I started a conversational ulpan today as a way of improving my Hebrew-speaking skills. Don't ask me why, but one of the words which we started discussing is the Hebrew word for husband - ba'al. As it turns out, ba'al also means owner in Hebrew, and this dual meaning does not make for the most politically correct of terms.
Of course, as a friend pointed out, "husband" is also a word which does not have the greatest of connotations. Husbandry is a term used for someone who takes care of a farm or animals (now I'm not sure which is worse, husband or ba'al!) But the difference, it seems to me, is that the word husband is not used so frequently for animal husbandry (at least not in my circles). When one says husband, whatever its original meaning, we think husband and wife. Ba'al however, easily can mean husband or owner in modern Hebrew. (And if you are a student of the ancient Near East you might also associate the word ba'al with that ancient Near Eastern storm god, ba'al).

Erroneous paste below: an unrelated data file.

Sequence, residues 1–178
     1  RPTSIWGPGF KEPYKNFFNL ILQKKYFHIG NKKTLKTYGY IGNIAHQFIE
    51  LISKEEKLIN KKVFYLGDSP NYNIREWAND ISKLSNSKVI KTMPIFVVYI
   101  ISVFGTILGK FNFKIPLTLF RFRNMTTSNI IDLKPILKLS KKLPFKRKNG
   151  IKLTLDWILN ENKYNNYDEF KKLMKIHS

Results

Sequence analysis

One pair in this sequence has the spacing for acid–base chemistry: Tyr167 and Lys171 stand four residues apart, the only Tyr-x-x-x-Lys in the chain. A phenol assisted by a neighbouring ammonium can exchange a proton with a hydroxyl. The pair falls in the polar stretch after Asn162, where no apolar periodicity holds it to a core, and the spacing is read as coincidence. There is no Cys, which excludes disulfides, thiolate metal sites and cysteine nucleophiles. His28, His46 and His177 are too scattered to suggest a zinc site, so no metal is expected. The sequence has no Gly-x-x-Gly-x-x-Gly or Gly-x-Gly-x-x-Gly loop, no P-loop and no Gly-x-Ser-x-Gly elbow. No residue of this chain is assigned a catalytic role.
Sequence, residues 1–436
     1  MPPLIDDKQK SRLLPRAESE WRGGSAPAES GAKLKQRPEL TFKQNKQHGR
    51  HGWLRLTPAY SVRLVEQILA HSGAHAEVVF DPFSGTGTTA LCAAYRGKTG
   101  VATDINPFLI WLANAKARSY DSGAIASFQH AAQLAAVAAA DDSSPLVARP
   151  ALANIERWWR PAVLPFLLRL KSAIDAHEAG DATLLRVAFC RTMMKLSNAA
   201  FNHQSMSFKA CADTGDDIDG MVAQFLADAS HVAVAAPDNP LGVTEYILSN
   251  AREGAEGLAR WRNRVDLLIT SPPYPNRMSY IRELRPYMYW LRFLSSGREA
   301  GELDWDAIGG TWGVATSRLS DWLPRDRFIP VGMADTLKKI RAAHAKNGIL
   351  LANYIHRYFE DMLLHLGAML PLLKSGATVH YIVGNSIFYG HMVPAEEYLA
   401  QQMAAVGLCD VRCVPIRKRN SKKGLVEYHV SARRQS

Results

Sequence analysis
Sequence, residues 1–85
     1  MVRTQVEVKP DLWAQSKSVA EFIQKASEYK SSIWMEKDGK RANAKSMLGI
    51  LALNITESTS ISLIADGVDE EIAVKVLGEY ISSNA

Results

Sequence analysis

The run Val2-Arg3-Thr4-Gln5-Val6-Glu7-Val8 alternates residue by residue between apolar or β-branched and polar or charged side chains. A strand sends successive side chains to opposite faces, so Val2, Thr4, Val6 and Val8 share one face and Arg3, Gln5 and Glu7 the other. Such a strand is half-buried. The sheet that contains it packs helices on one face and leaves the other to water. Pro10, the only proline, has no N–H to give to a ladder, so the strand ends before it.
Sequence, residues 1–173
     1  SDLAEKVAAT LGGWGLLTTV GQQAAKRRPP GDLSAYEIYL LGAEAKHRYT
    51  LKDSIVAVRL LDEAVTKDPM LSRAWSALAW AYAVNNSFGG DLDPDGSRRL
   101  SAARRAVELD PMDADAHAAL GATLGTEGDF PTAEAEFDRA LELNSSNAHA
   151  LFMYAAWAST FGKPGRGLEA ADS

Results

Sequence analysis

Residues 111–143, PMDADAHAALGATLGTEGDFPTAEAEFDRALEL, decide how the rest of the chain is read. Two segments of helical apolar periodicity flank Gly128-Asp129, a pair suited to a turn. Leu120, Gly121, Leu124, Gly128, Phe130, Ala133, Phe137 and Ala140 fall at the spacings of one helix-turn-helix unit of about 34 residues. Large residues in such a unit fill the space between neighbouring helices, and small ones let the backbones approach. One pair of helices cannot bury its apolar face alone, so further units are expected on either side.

It turns out, my ulpan teacher told us, that there is some movement within the young Israeli community, to put an end to calling one's husband ba'al, and to replace it with the phrase ben-zug for husband, and bat-zug for wife. Ben or bat zug means partner or spouse, and although I have never heard anyone actually use this term, I think it has quite a nice ring to it.